- Patients who receive mail-order medications are notably more likely to avoid medication non-adherence compared to those who receive their prescriptions from a traditional pharmacy, according to research presented at the American Stroke Association’s International Stroke Conference 2016.
Using data from Kaiser Permanente, researchers concluded that patients picking up prescriptions from traditional pharmacies were adherent only 47 percent of the time, while those receiving medications from mail orders were adherent 74 percent of the time.
The numbers stayed consistent when researchers broke the data down by medication type.
With regard to those taking cholesterol-reducing statins, those receiving medications from pharmacies were adherent 56.4 percent of the time, and those receiving mail orders were adherent 88 percent of the time.
Those taking anticoagulants saw similar results, although less stratified. Those receiving prescriptions from a pharmacy were adherent 45 percent of the time, and those receiving mail order medications were adherent 56 percent of the time.
The price of medication non-adherence
Medication non-adherence is a notable problem facing population health management, costing nearly $337 billion in 2013 alone. Other studies have indicated that medication non-adherence, and the adverse events and hospital readmissions that may result from it, can lead to $8 million in yearly costs per 100,000 patients.
Putting aside the financial burden medication non-adherence presents to providers, there is also a price to pay when it comes to chronic disease and population health management. When patients do not participate in their treatment plans, they run the risk of falling ill again – often more sick than they initially were – and being readmitted into the hospital once more.
Preventing and detecting medication non-adherence
Due to the critical effects medication non-adherence has on population health management, chronic disease management, and healthcare finances, creating adequate prevention and detection strategies are an integral part in creating a comprehensive wellness program.
Research claims that detecting medication non-adherence is an easier process than often let on. In a study conducted by CVS Pharmacy/Caremark and Brigham and Women’s Hospital, experts found that prescription filling habits are a key indicator of whether or not a patient will actually take their medications.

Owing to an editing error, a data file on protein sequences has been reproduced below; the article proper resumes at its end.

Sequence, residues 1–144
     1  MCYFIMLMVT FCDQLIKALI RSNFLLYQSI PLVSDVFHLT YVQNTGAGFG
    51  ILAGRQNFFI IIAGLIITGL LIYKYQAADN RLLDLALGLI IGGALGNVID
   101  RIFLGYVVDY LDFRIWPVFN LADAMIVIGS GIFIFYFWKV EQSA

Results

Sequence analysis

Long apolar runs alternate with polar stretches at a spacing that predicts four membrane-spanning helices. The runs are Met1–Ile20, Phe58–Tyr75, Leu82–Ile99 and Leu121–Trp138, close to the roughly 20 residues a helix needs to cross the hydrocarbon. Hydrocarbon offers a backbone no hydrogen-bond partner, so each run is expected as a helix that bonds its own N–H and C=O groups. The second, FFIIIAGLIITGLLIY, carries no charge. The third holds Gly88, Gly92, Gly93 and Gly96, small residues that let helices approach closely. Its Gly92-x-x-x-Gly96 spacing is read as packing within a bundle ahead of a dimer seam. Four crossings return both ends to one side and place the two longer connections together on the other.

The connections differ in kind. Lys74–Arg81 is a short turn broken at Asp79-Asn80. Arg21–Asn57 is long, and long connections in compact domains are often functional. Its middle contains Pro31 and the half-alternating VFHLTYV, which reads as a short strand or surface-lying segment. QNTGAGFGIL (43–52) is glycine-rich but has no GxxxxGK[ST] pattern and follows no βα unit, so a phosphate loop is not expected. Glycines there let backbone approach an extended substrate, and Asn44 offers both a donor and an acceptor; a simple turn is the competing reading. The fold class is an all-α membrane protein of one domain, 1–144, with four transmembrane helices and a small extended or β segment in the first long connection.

By examining a group pf Medicare Part D patients taking statin initiators, the research team found that those who went to the pharmacy to fill their prescriptions were notably more likely to then take them. Those who were diligent in refilling the prescriptions were also more likely to avoid medication non-adherence.
“In this cohort of Medicare beneficiaries initiating treatment with statins, we found that initial adherence during the first few months after initiation strongly predicted the 12-month adherence trajectory. Prediction was best when predicting consistent medication use and consistent nonuse,” the researcher team reported.
Other recent studies confirm these findings.
A study published in the American Journal of Managed Care explains that those who never make the trip to the pharmacy – primary non-adherents – pose a significant challenge to healthcare providers. Because providers have never before been able to collect data on patients who don’t actually fill prescriptions, providers haven’t been able to find these primary non-adherents.
However, EHR technology and e-prescribing is changing all of that.
“The recent adoption of electronic-prescribing (e-prescribing) systems has made prescription fill information increasingly available to providers within their native electronic health record (EHR),” the research team explained. “This access to aggregated, multi-payer pharmacy data creates an opportunity to identify and address primary nonadherence in clinical practice, possibly even in real time.”
Going forward, providers will need to explore all avenues – including predictive analytics as well as primary medication non-adherence – in order to determine who is most at risk of not taking their medications. In doing so, providers can help improve chronic disease and population health management.